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Our strategy aims to integrate soft urban interventions based on natural, bio-algae, and mechanical filtering solutions into existing infrastructures. All equipment will be divided in two categories: public and residential, to not only conserve the existing surroundings but also improve it. Furthermore, we are introducing new sustainable equipment, updating materiality, and enhancing design potential.

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Natural solutions are intertwined into both existing and newly designed structures. Each element is designed to purify the atmospheric air by absorbing CO2 and releasing oxygen through the process of photosynthesis. At the same time, providing a buffer of clean air between the streets and inhabitable spaces.
 
Additionally, green components reduce heat island effect while providing engaging, aesthetical, and comfortable spaces.

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Photobioreactors (PBRs) are transparent tubes flowing with a mix of water, algae, nutrients, and carbon dioxide. When the micro-algae solution is exposed to sunlight the solar radiation activates biomass production and increases based on sun intensity. Afterward, the elements are harvested and separated: water is recycled back into the photobioreactors while algae is used to develop byproducts, such as biofuel and energy.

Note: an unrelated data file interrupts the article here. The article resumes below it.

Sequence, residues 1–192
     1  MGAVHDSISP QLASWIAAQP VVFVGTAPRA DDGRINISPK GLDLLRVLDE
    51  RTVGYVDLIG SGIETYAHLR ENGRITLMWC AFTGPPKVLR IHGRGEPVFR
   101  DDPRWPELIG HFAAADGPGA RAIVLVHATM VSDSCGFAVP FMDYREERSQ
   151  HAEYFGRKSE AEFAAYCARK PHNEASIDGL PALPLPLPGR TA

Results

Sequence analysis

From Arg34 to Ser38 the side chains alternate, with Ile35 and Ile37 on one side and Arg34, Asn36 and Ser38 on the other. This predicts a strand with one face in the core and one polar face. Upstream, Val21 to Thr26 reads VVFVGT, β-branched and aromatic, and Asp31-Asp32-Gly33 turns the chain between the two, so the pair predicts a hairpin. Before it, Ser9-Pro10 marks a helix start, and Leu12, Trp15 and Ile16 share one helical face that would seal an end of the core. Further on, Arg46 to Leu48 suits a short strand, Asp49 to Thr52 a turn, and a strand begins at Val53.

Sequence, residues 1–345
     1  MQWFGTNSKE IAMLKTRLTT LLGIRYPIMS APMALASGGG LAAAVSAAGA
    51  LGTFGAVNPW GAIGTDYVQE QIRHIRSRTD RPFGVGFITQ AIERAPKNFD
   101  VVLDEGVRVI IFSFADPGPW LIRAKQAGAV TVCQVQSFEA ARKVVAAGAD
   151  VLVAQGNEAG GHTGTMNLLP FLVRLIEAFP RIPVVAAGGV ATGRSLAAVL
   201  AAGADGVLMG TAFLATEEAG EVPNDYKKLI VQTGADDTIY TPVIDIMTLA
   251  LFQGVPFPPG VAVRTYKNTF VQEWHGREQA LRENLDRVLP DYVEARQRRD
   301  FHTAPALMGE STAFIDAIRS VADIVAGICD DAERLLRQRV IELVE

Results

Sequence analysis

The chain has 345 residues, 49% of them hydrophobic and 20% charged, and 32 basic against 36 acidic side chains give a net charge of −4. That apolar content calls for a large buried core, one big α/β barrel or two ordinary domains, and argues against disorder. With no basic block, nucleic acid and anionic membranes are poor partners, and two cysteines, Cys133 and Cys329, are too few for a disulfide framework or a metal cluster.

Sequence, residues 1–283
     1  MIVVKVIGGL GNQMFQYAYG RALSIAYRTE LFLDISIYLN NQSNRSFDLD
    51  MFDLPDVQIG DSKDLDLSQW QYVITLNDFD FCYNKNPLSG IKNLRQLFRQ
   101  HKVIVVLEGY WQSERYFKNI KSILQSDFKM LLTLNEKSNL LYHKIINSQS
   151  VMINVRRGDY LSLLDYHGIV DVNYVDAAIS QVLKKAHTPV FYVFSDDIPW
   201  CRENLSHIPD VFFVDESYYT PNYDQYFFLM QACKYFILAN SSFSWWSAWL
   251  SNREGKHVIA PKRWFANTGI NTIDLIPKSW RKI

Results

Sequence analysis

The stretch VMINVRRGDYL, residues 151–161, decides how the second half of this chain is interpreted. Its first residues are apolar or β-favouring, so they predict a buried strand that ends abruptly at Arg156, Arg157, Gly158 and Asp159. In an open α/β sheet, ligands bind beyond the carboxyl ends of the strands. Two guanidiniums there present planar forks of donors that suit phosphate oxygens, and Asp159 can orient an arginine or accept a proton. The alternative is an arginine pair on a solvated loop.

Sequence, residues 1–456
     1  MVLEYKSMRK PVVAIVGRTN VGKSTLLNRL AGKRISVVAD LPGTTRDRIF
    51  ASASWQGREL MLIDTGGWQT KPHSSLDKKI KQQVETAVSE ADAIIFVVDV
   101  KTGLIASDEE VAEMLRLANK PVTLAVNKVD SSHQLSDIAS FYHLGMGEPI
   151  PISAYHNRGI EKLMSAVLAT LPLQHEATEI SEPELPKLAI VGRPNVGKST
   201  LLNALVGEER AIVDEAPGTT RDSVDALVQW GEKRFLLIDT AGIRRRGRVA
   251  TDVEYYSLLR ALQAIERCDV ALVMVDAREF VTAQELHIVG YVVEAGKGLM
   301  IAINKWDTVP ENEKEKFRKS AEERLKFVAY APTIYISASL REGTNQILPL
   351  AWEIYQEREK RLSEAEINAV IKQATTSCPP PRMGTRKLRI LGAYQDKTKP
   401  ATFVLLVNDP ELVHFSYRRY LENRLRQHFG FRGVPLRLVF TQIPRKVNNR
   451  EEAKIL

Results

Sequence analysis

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Photobioreactors functioning in a closed loop system generates minimal waste by recycling wastewater, producing energy, and providing an alternative to fossil fuels. Additionally, micro-algae is estimated to absorb 400 times more carbon dioxide than trees and plants. With that in mind, we integrated PBRs into existing buildings and urban landscapes in order to streamline air purification.

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Artificial filtering systems are used to improve air quality in urban settings with airborne particulate matter or carbon dioxide. The pollution levels, spatial dimensions, and functions determine the size and number of units needed in a particular area; making the equipment flexible to any environment.

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